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Malky Mackay Decision Delay Demonstrates Supporters Power is Thankfully On The Rise

The power of supporters was realized Monday as Cardiff City owner Vincent Tan appeared to soften his stance towards Bluebirds manager Malky Mackay. From South Wales to the banks of the Humber Estuary in Kingston-Upon-Hull, supporters strong stand has forced the FA and Premier League to consider their feelings instead of simply rubber stamping the wishes of Hull City AFC owner Assem Allam.

On Friday, The Guardian’s David Conn lamented that as Mackay, Allam and other foreign owners “wreaked havoc” on the sport, English football has stood still. To an extent this is true, but the increased power and voice of supporters has forced the owners and the sport of English football itself to back down.

The power of supporters is something that fans have spoken about for years but in two vivid examples this past week we have seen owners or officials stall on impending decisions thanks to the vocal protests of those who love the game.

Perhaps these decisions have simply been delayed and the undesirable judgments are yet to come. But during this festive period, the influence of those who love their clubs and have toiled as supporters in the lower tiers of English football have made a mark on the proceedings.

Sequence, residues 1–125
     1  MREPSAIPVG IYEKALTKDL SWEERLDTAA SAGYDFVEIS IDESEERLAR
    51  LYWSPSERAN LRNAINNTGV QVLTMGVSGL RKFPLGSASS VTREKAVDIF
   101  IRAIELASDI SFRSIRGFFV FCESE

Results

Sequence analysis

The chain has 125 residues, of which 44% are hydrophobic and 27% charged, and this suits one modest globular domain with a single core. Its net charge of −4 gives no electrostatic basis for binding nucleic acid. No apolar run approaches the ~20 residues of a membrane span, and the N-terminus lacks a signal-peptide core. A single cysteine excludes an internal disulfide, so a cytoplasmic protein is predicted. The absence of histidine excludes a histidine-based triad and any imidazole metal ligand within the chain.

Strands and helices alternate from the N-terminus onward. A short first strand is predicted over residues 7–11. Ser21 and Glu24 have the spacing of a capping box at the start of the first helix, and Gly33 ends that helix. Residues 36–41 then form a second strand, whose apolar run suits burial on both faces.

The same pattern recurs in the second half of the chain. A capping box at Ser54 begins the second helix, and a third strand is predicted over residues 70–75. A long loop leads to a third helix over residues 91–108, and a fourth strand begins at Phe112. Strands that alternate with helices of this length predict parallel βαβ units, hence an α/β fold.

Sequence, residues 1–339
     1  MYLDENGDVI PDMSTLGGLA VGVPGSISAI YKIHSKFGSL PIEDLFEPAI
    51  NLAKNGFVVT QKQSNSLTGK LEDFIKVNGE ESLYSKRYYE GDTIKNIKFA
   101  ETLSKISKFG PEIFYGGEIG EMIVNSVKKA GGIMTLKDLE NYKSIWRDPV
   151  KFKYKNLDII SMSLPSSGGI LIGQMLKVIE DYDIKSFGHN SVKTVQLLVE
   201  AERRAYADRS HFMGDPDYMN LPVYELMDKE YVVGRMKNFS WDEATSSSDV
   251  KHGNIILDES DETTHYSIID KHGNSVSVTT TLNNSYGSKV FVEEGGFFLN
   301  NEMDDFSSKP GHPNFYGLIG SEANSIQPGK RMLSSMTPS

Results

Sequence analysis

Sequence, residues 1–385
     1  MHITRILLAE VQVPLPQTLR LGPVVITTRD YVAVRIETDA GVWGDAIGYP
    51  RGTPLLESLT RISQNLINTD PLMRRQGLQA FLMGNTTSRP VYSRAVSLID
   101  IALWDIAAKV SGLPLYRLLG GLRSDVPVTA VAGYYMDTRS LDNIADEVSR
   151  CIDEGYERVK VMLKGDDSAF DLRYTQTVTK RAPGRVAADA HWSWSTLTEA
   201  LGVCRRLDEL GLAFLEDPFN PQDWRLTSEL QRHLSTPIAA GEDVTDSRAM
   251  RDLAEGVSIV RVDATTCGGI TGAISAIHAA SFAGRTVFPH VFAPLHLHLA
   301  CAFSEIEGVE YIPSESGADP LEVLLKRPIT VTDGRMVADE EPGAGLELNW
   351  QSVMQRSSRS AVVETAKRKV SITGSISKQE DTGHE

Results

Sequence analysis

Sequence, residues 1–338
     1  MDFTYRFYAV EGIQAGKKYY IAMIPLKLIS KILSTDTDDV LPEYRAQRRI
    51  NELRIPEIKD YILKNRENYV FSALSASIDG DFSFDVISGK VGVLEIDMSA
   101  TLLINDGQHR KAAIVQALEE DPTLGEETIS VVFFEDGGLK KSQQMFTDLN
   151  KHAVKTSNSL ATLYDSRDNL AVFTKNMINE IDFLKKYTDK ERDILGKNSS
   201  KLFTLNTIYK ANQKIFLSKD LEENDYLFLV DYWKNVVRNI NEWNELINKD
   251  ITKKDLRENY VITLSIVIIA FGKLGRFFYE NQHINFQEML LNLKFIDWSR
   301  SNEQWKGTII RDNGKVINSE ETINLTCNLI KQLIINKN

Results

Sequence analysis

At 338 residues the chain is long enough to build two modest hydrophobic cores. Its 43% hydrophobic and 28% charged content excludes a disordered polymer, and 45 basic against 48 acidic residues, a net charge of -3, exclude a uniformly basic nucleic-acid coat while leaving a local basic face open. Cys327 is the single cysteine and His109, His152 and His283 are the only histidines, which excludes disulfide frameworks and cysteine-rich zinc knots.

This is something everyone who truly loves soccer can take pride in.  As the New Year approaches, countless opportunities will come for fans to stand strong for soccer against those seek to profit from the sport and whose ownership of clubs may simply be vanity projects. It is critical supporters stand strong against the excesses of those in football who do not respect the history, the tradition and the soul of the English game.

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4 Comments

4 Comments

  1. Smokey Bacon

    December 23, 2013 at 8:07 pm

    I agree with you.

    Wow, that felt weird!

  2. Pakapala

    December 23, 2013 at 6:38 pm

    Sad to see Kartik singing the xenophobia tune of “bad foreign owners” too. The 2 owners you cited couldn’t be any more different in term of them being foreign to English football community. While Tan is, the Hull owner is an example of local owner who lives in the community and bought the club of the town he’s been so intimately involved in. To lump them together just to stoke fire under the inaccurate yet prevalent point made by so many media pundits and fans in the UK about foreign owners is a disgrace. As writers and pundits you have a responsibility to stir fans away from such xenophobic tendencies.

    What’s wrong with just stating an owner is ruining a certain club, without noting that he’s foreign? Does Newcastle have a foreign owner? Leeds? Crystal Palace? Portsmouth? Rangers (Scotland)? Are those cases of foreign owners out of touch with the fabric of british football?

  3. IanCransonsKnees

    December 23, 2013 at 3:42 pm

    I’d argue the power of Tan and Allam would outweigh that of the supporters if they walked away and called in their loans. Take a look at Portsmouth following their procession of foreign oligarch owners.

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